May 31, 2021 Reading Time: 4 minutes

Thank goodness for widespread and deeply seated economic ignorance. Seriously, thank goodness! Without widespread economic ignorance, the world would be a much poorer place. For this claim, I have quantifiable proof – namely, my income, other economists’ incomes, as well as the incomes of the many merchants with whom I and my fellow economists deal.

While on the earnings front I (like all of my fellow economists) have a long way to go before catching up with the likes of Elon Musk or even Rachel Maddow, my annual income is well above that of the median American worker. Indeed, my income is above that of the median worker in my age cohort – a cohort whose members, because we have decades of job experience and accumulated skills, earn more than do younger cohorts.

Why is my income so high? Answer: economic ignorance! Nearly every cent that I earn is generated by my satisfying other people’s demands for reduced economic ignorance. Sometimes, as in the case of (many of) the students who I teach at George Mason University, the demand for the economic enlightenment that I supply comes directly from those who pay for it. Other times, as when organizations such as the Fraser Institute and AIER pay me to lecture or to write, the demand comes, ultimately, from donors who hope that my speechifying and wordsmithing will fall in enlightening ways on minds still benighted by economic ignorance.

And so (horrors!) if most people already understood basic economic realities, I’d be unemployed. If most people already knew the truths that I teach – truths such as that protective tariffs create no new jobs on net while they reduce most people’s living standards, that minimum-wage legislation hurts many of the very workers it is meant to help, and that antitrust interventions stymie rather than stimulate economic competition – no one would pay me to do this job that I so enjoy doing.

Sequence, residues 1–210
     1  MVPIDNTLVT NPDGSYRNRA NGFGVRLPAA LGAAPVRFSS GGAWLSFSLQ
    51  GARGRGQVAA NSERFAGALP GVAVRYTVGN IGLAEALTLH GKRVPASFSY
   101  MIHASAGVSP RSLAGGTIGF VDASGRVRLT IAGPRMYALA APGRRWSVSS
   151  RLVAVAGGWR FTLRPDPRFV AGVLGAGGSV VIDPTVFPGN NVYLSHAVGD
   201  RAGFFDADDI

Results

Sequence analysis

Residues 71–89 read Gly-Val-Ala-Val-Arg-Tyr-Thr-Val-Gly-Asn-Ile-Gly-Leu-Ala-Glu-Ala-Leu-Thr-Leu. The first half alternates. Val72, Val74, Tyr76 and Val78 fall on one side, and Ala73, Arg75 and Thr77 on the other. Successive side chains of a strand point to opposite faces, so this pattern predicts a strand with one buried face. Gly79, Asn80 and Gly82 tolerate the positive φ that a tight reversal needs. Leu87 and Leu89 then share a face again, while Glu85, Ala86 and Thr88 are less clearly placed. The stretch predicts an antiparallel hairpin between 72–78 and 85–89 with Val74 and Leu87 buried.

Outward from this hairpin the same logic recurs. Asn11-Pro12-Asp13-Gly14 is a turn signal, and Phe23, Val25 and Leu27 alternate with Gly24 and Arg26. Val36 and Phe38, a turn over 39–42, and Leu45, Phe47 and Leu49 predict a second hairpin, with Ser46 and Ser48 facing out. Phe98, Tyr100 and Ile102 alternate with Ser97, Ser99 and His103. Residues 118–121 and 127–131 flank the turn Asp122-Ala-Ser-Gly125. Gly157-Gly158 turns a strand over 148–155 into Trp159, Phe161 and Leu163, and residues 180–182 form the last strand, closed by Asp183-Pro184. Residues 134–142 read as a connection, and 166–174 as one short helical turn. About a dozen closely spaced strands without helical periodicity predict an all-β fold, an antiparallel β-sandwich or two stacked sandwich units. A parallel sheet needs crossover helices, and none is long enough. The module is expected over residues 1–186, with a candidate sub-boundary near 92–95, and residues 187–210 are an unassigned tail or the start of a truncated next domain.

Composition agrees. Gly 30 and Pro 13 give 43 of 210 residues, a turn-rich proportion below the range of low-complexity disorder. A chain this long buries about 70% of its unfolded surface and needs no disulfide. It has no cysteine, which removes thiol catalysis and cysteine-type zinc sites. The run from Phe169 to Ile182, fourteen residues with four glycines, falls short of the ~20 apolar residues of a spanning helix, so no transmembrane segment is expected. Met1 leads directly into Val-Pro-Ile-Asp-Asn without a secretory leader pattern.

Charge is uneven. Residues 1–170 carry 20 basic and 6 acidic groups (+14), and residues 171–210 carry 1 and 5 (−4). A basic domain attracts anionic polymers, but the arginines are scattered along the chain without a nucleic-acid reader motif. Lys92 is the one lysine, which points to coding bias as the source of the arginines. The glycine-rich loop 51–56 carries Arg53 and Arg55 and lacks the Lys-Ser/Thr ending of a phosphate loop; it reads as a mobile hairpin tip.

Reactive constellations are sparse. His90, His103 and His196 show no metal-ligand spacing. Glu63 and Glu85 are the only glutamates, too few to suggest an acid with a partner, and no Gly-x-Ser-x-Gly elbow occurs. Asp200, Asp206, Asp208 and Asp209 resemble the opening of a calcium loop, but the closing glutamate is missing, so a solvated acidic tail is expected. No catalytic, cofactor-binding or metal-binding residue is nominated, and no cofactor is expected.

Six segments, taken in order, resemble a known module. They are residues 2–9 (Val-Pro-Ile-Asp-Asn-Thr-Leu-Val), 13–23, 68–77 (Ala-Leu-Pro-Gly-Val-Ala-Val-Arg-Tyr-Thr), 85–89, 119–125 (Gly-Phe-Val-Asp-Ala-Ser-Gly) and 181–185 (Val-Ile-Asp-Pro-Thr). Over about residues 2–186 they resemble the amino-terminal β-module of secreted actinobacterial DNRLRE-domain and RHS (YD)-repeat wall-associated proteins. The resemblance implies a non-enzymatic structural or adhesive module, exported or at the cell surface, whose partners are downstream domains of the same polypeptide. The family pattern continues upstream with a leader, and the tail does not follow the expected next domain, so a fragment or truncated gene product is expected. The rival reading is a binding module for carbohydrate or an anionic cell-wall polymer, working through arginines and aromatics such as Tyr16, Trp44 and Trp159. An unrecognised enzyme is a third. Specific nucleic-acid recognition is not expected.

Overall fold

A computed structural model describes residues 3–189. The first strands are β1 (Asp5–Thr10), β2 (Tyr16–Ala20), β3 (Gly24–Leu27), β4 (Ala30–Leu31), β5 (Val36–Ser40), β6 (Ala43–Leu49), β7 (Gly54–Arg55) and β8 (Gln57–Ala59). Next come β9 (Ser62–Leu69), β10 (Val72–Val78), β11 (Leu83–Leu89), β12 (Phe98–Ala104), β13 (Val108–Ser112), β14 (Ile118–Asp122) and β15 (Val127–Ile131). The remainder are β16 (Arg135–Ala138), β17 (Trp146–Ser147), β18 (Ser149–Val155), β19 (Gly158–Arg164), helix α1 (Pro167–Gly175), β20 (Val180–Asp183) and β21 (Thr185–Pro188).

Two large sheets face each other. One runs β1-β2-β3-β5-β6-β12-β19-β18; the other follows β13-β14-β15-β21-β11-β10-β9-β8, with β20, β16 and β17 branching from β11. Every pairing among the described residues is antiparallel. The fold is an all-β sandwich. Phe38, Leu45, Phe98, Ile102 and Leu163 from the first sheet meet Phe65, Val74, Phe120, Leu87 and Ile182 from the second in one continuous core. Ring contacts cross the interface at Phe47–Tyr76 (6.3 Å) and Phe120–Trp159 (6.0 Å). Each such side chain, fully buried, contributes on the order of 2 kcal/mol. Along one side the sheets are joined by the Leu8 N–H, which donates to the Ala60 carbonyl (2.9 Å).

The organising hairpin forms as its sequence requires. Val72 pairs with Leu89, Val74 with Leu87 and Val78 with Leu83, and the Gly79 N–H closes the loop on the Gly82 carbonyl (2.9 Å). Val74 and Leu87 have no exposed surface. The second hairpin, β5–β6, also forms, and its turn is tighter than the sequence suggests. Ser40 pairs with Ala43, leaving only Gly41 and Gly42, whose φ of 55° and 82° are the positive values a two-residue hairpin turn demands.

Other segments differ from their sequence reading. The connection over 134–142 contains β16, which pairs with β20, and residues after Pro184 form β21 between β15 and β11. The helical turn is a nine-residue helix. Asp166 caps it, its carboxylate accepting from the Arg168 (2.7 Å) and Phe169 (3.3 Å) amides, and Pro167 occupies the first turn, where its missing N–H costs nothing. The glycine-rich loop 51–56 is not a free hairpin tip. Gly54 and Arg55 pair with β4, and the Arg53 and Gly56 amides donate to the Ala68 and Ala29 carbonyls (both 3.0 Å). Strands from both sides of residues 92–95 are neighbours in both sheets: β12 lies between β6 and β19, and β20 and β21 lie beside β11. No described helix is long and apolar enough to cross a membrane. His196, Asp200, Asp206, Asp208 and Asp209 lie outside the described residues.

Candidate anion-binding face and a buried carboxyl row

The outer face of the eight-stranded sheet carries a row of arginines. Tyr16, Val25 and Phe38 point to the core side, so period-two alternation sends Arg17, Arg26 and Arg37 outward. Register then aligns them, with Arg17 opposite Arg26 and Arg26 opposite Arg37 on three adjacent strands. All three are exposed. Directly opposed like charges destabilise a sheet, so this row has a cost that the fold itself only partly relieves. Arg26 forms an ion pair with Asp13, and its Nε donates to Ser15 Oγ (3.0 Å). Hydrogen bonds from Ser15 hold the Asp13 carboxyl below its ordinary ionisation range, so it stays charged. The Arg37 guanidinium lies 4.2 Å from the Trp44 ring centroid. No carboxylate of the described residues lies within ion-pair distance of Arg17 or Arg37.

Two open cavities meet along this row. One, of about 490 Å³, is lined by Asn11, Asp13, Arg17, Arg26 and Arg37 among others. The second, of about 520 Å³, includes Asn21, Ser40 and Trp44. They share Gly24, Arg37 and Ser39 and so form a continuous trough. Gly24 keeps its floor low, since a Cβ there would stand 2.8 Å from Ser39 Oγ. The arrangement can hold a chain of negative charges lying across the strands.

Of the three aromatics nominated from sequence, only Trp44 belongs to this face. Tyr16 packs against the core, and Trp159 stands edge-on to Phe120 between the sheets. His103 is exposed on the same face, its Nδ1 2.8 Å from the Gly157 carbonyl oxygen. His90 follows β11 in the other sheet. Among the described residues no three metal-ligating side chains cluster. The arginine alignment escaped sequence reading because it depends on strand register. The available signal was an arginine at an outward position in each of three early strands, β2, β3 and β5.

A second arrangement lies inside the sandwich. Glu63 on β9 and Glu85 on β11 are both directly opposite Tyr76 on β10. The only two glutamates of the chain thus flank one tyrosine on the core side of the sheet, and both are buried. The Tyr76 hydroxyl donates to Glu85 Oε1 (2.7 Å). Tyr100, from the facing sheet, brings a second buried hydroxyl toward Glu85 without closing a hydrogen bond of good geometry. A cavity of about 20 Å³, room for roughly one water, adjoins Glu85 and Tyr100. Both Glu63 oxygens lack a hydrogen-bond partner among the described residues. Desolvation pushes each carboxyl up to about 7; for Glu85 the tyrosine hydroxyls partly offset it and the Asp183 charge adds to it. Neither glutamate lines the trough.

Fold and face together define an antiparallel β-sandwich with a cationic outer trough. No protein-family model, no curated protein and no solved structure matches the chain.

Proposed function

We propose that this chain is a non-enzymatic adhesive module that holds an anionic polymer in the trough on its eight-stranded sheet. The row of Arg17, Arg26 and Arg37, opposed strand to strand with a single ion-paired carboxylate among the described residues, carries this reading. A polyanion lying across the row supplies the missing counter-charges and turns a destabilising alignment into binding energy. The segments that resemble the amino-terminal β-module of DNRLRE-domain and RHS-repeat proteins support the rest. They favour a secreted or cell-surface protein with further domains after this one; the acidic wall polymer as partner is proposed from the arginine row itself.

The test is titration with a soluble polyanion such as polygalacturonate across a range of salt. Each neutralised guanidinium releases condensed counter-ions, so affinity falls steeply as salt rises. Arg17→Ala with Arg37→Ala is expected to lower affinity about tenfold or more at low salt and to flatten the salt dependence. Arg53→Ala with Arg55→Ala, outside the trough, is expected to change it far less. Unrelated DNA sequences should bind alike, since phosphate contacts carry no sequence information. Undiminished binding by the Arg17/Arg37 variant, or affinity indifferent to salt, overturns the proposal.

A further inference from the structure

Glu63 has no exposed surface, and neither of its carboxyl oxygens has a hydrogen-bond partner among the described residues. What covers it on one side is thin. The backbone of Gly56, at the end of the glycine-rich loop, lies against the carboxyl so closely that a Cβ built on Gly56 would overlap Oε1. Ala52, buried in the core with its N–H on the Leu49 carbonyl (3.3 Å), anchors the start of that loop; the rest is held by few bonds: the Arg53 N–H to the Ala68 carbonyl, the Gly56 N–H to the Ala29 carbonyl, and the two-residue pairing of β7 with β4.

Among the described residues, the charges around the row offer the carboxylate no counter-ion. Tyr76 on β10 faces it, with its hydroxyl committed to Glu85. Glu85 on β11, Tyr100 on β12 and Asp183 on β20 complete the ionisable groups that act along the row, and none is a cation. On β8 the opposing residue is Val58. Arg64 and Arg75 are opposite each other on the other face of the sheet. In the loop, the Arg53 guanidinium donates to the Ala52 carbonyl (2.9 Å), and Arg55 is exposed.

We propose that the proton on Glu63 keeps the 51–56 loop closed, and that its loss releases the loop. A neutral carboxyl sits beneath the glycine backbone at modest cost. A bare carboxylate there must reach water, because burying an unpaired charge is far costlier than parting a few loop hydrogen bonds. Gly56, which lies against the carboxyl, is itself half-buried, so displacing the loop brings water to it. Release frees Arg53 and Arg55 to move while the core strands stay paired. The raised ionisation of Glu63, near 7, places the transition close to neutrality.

And while my being unemployed and penniless would be tragic enough, this essay is not about me. In fact, join me in forgetting about me. Think instead of the countless people who benefit from the economic ignorance that other people pay me to dispel.

Think, for example, of wine retailers and vintners. I spend a significant portion of my income on wine. In a world without economic ignorance, no one would pay me to do what I do and, thus, I’d have no income to spend at my favorite wine shops. Wine sales would fall. Some sales clerks would lose their jobs, as would workers in vineyards. Likewise for workers in the food industry. I spend an even larger portion of my income at restaurants. In a world without economic ignorance, I’d earn no money to spend on dining out. Restaurants and their cooks and wait staff would suffer – as would, of course, all the workers whose efforts are required to supply restaurants with furniture, food, and drink.

I also spend a good deal of money on clothing. Unable to earn income in a world of full economic enlightenment, I of course would buy less clothing. Nordstrom and other clothing retailers would feel the pinch – as would their workers.

Obviously, what holds true for wine, restaurant meals, and clothing holds true also for everything else on which I spend my hard-earned income.

An econometrician could quantify the value to humanity of the economic ignorance that I annually work to reduce. This scholar could so quantify, with a precise dollar measurement, the value of this economic ignorance by tracking all of my spending, and then tracking the spending by others – by wine-store owners, by restaurant waiters, by clothing retailers, etc. – that my spending makes possible.